Fully-featured, blazingly-fast language that compiles to beautiful, hand-made-like JavaScript. Implemented in less than 100 lines.
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LiScript replaces JavaScript's syntax by lisp's powerful S-Expressions and macro system.

Differently from other languages that compile to JavaScript, it does not try to make it a completely different language - which is the root of many common problems such as messy generated code, overheads, painful compilation and hard debugging - all of which compensate for the theoricall benefits. Instead, as very thin layer - the whole implementation being less than 100 lines - it's generated code is fast, readable, beautiful, zero-overheaded, workeable and easy to debug.

In summary, it's a programming language that combines JavaScript's high level features, ridiculous cross-platformness and blazing speed with lisp's awesome, powerful syntax loved by hackers all around the world. For more info on it, I recommend reading Paul Graham's "Beating the Averages": http://www.paulgraham.com/avg.html


There's no installation guide yet (this will be updated soon). For now, just download LiScript, require the file on node.s or include it in a HTML script tag and call LiScript.compile("(your source code)"). This will return the compiled JavaScript.

You can also try it online: http://evanhahn.github.com/Try-LiScript/

Tutorial / Using

Using LiScript is very easy. I'll expose the whole language with examples. If you find trouble understanding those, you could may on S-Expressions. Looking at the source could be a good idea. Also, feel free to contact me! Notice that this is the crude form of the language - to actually use it you'll certainly load with macros which will calibre the syntax to fill your needs. The language core is very easy. It has 4 basic forms, which map directly to their JavaScript counterparts:

  • String: "this is a string"
  • Array: ["this" "is" "an" "array"]
  • Object: {foo 5 bar 7}
  • Function/macro calling: (func 1 2 3)

It also comes with the following functions out-of-the-box:

  • Math operators: sum sub mul div mod
(sum 1 2 3 (mul 2 2)) 
Output: 10
  • Boolean comparisons: and or eq dif less greater lesseq greatereq
(eq 2 2)
Output: true
  • Assignment: def
(def foo 5)
This is the same as "foo = 5" in JavaScript.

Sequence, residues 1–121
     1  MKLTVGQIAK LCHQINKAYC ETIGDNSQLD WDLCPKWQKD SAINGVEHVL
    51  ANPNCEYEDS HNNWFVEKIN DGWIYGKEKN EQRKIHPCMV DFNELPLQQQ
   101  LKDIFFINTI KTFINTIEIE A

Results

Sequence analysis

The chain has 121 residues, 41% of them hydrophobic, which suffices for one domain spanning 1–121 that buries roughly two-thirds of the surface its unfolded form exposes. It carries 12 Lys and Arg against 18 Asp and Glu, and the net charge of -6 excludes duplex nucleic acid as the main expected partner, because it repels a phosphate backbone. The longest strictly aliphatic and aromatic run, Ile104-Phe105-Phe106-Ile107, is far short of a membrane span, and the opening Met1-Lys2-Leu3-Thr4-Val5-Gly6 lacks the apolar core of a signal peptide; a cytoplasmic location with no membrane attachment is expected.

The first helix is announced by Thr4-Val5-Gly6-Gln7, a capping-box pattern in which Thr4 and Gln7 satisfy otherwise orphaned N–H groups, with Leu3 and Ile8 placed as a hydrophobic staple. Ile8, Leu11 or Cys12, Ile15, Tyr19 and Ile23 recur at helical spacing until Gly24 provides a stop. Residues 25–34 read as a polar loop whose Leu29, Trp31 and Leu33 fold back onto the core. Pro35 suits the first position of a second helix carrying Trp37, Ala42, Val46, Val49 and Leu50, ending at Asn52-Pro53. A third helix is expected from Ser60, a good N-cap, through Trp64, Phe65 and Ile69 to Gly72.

• Conditional: if
(def rnd (Math.random))
(if (less rnd 0.05)
    (console.log "You won :D")
    (console.log "Bad luck, try again."))
Output: ?
  • Function definition: fn
(fn (a b) (sum a b))
Output: function(a,b){ return a+b; };
  • Member access: get set
(def my_obj {a 1 b 2 c 3})
(set my_obj "b" 4)
(console.log (get my_obj "b"))
Output: 4
  • Loop: while
(def i 0)
(while (less i 4) 
    (console.log i)
    (def i (sum i 1)))
Output: 0 1 2 3
  • Iteration: iter
(iter {a 1 b 2 c 3} 
        (console.log [key val]))
Output: ["a",1] ["b",2] ["c",3]
  • Macro: defmacro Macros work by modifying the code before it's compiled to JavaScript. and it couldn't be easier: just return an array of strings representing the new form of your code! Let's make a macro that inverts an expression:
(defmacro swap (a b) [b a])
(swap "test" console.log)
This becomes `(console.log "test")` which outputs `"test"`!

Another example:

(defmacro unless (cond T F) ["if" cond F T]) 
(def yell (fn (a) (call a "toUpperCase"))) 
(def im_sad false)
(unless im_sad (yell "What a great day!"))

This is an interesting fact about Lisp: clever user of macros can make the language sound just like speech. There's no syntax: just a bunch of phrases that tell your program what to do. Sometimes it's too abstracted away you don't even notice you are programming: (make me a sandwitch in 2 hours), one could perfectly make this work. Lisp code from a great hacker is a piece of art. But maybe you're the type that likes terse syntax and symbols? No problems...

  • Readers: defreader Readers are similar to macros, except they work for special forms (not parenthesis). Readers on LiScript are a little different: you just define a name and enclosing symbols. You can, then, further process it with normal macros. For example, lets define the form < a > to return the square of a:
(defreader square < >) 
(defmacro square (a) (mul a a)) 
(console.log <3>)
The form above becomes (console.log (square 3)),
which becomes (console.log (mul 3 3)),
which becomes (console.log 9),
which outputs 9. 

That is much simpler than traditional reader macros! For more advanced cases you can just edit the parser itself: it's a 25-lines-long function on the source, so it shouldn't be hard. Given how no other lisp-to-js language implement reader macros at all, it's pure win.

Well, that's it! This is the whole language. Again, the out-of-the-box package must be temperated with macros. For example, you could certainly improve the loops - a "for" macro could work as CoffeeScript's array comprehension. A "let" macro might prove handy, and a facility to concatenate arrays would make defining new macros easier. The point is: LiScript allows you to do whatever you want; you control the language!

Next steps:

LiScript is just a first step towards a goal: increasing programmer productivity to new levels. There is still needs some work - for example, "var x=3" is not an expression in JavaScript. Because of this, all variables are defined on the global scope. I'm thinking in a solution for this. Anyway, the idea is reaching a point of stability where the language doesn't need to be ever changed anymore, making it future-proof. At this point, efforts must be done towards the concretization of:

  1. A centralized, cloud-based, taggeable, computer-analyzable, queriable database of functions and macros (NOT libraries!)

  2. A powerful, shortcut-optimized, VIM inspired, web-based IDE to access those.

  3. A huge community with a good communication system. (this is the hard part ;/)

If this all interests you, feel free to contact me!